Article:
For Jordan Fannin, there’s only one speed — and that’s full speed.
For eight years — from high school in Chelsea, Mich., through her four years as a business student at The University of Toledo — Fannin has taken advantage of every opportunity to get involved, learn, grow and meet new people.
Jam-packed days and long nights in college have paid off for Fannin, a double major in professional sales and organizational leadership and management. Her resume is long, and her list of accomplishments is impressive.
She graduates Saturday, May 7, from the John B. and Lillian E. Neff College of Business and Innovation and already has a full-time sales job with 3M, where she has been an intern the past year.
A graduate of UToledo’s Klar Leadership Academy, Fannin has served as executive vice president of UToledo’s business fraternity, Pi Sigma Epsilon, and president of Kappa Delta, her sorority. She also was selected as one of the top 13 leaders on campus and received the highest leadership honor bestowed on UToledo students — membership in the Blue Key Honor Society.
Fannin hit the ground running when she arrived in Toledo. That go-getter attitude made an impression on one of her mentors.
“Something I always found very impressive about Jordan is that she got involved right away,” said Courteney Buchanan, part-time instructor and alumni advisor for UToledo’s Pi Sigma Epsilon chapter. “She jumped right into the sales competition team, Pi Sigma Epsilon and job fairs her freshman year, which gave her such a strong foundation to build on the rest of her college career.”
Every time Fannin competed in a sales competition, she honed her skills. She won UToledo’s Internal Sales Competition in 2020. This year, she was crowned national sales champion at the Pi Sigma Epsilon National Convention in Minneapolis, where she also placed first in the interview competition for the second straight year.
Building relationships means a lot to Fannin, and it’s why she loves the sales profession.
“Sales gives you the opportunity to understand someone else’s needs and help them meet their goal,” she said. “I like how relational it is. Ultimately, it’s helping people.”
Fannin’s efforts to cultivate relationships has contributed to her success, said Dr. Ellen Pullins, a UToledo business professor.
“She builds lasting connections with not only faculty members, sponsors and corporate recruiters, but also with her peers across campus,” Pullins said. “Networking is a critical business skill, especially in professional selling, and she has grown to be excellent in this area.”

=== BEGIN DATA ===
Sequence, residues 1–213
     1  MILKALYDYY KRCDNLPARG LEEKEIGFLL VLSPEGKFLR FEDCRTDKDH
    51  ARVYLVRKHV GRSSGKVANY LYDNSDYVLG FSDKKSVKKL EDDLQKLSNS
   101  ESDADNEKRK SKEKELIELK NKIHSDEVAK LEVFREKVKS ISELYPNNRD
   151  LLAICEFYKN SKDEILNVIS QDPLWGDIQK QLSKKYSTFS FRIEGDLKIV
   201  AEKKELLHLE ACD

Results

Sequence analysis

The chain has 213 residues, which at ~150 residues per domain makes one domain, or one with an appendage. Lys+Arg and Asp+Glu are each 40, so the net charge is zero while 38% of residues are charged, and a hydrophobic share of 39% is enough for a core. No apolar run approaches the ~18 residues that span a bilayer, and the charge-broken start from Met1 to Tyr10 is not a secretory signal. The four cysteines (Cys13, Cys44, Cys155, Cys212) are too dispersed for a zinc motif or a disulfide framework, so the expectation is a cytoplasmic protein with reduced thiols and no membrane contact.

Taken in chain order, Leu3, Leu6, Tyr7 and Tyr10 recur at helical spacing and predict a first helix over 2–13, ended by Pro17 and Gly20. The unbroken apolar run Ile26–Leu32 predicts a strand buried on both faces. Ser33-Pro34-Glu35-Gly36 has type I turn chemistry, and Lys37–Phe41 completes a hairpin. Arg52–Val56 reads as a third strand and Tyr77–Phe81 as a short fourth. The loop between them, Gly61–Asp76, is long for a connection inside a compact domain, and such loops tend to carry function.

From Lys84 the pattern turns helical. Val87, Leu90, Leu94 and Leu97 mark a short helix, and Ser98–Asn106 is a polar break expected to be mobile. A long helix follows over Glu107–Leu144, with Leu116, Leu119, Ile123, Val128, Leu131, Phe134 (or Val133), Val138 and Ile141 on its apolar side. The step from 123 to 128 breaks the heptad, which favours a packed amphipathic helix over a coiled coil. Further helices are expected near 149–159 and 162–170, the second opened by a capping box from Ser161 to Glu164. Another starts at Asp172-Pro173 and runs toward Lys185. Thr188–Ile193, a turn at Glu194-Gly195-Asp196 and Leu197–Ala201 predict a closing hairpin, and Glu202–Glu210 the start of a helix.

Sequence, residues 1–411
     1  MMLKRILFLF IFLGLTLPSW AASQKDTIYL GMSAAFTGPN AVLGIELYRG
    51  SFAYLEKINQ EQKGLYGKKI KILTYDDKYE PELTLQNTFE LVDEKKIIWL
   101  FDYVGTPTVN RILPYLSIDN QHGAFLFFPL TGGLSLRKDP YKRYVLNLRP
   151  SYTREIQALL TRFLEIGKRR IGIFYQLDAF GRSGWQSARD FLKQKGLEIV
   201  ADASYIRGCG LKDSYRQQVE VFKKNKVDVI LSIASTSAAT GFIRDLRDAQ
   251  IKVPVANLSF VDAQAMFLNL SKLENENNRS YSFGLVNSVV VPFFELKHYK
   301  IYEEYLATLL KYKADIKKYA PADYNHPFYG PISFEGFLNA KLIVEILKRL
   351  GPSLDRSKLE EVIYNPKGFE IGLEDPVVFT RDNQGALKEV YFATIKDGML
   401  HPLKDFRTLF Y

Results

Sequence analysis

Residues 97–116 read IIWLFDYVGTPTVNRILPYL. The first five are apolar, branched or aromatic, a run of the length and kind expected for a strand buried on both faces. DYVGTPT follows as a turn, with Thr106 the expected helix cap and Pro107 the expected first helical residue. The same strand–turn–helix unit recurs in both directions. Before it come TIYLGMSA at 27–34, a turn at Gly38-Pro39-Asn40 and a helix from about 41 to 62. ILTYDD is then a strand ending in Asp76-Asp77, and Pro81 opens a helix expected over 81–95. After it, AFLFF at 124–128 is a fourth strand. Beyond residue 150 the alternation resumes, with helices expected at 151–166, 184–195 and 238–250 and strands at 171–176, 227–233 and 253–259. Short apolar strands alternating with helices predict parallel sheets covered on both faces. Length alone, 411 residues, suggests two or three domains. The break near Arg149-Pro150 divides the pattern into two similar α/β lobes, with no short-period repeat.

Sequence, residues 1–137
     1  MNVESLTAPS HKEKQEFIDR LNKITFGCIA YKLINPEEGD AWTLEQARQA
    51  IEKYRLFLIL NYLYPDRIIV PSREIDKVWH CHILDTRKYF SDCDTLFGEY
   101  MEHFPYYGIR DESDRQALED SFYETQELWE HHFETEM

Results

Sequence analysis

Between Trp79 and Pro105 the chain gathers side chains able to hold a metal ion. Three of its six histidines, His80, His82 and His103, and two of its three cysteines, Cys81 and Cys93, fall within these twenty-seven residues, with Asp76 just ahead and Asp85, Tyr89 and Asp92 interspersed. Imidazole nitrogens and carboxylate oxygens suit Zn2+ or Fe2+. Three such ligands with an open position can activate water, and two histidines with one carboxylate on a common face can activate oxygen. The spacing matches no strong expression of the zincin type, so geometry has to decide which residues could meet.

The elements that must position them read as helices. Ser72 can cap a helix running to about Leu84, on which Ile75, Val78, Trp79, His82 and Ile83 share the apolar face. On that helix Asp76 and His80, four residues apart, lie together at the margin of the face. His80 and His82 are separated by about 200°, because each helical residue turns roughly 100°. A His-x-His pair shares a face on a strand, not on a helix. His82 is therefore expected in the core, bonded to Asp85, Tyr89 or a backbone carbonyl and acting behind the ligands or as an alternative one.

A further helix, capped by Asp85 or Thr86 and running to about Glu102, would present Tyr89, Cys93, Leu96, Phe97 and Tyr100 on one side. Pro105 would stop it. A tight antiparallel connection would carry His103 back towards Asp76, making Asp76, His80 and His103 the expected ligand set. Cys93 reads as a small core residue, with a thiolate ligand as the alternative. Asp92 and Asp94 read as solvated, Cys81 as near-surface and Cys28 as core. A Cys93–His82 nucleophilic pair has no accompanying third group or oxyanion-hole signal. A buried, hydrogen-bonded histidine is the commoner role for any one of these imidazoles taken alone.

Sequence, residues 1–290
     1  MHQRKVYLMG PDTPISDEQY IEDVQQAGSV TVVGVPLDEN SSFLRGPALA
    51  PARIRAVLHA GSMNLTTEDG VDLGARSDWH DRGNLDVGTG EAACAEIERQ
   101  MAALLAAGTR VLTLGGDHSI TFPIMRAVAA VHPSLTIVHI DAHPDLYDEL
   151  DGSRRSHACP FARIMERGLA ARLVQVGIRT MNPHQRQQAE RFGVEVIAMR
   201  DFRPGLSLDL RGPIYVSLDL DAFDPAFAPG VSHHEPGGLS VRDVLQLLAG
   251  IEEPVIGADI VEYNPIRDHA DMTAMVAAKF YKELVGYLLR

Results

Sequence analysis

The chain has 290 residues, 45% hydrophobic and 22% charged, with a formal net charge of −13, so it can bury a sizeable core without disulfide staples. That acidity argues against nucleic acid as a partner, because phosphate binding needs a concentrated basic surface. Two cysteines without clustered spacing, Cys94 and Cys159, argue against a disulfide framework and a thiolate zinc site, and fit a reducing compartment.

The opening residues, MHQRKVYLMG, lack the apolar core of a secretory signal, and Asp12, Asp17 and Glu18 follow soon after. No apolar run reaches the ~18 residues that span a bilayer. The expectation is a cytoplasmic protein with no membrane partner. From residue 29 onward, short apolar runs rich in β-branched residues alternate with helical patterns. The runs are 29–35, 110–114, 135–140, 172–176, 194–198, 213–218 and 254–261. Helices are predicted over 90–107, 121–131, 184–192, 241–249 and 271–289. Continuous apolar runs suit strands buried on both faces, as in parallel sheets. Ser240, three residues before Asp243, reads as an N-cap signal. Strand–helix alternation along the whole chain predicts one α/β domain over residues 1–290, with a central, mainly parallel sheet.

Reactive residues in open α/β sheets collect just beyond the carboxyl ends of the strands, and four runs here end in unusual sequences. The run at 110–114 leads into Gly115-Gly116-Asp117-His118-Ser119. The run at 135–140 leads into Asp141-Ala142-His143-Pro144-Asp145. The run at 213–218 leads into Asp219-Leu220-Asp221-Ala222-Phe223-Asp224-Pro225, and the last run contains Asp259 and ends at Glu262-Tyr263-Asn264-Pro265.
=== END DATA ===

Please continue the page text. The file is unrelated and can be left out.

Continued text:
Fannin went from competing in UToledo’s sales competition to becoming a peer coach, a role she relishes.
“It gives you a chance to teach and empower someone else,” she said. “It’s fun to see people go from being scared to [compete] to then excelling.”
Deirdre Jones, director of UToledo’s Edward Schmidt School of Professional Sales, said Fannin has taken advantage of all the opportunities UToledo offered her. She’s been open to new experiences and encourages her peers to be as well.
“[Jordan] wants to keep the tradition of paying it forward and has been involved with competing, coaching and working behind the scenes at sales competitions each year she has been at UToledo,” Jones said.
Being involved is how Fannin met all her best friends, she said. In fact, she and her freshman-year roommate, Anna Regis, presented together at the Pi Sigma Epsilon national competition this year.
For the first time in chapter history, UToledo won gold as the best chapter in the country. Despite all her individual accolades, Fannin said she is most proud of this award.
While other student organizations were struggling to survive during the pandemic, UToledo’s chapter had a record-breaking year, Fannin said.
“We kept a family-oriented atmosphere during the pandemic,” Fannin said. “It took all 110 people to be all in and create an environment for that to happen.”
Fannin credits UToledo’s comprehensive sales program and her relationships with supportive faculty with helping her excel.
“I feel like I personally know each one of the sales faculty,” she said. “I’ve had multiple one-on-ones with them throughout the years. They’ve helped me get internships. Despite being from a smaller MAC school, I’ve been able to have the same opportunities as my peers in my intern class who attend larger universities.”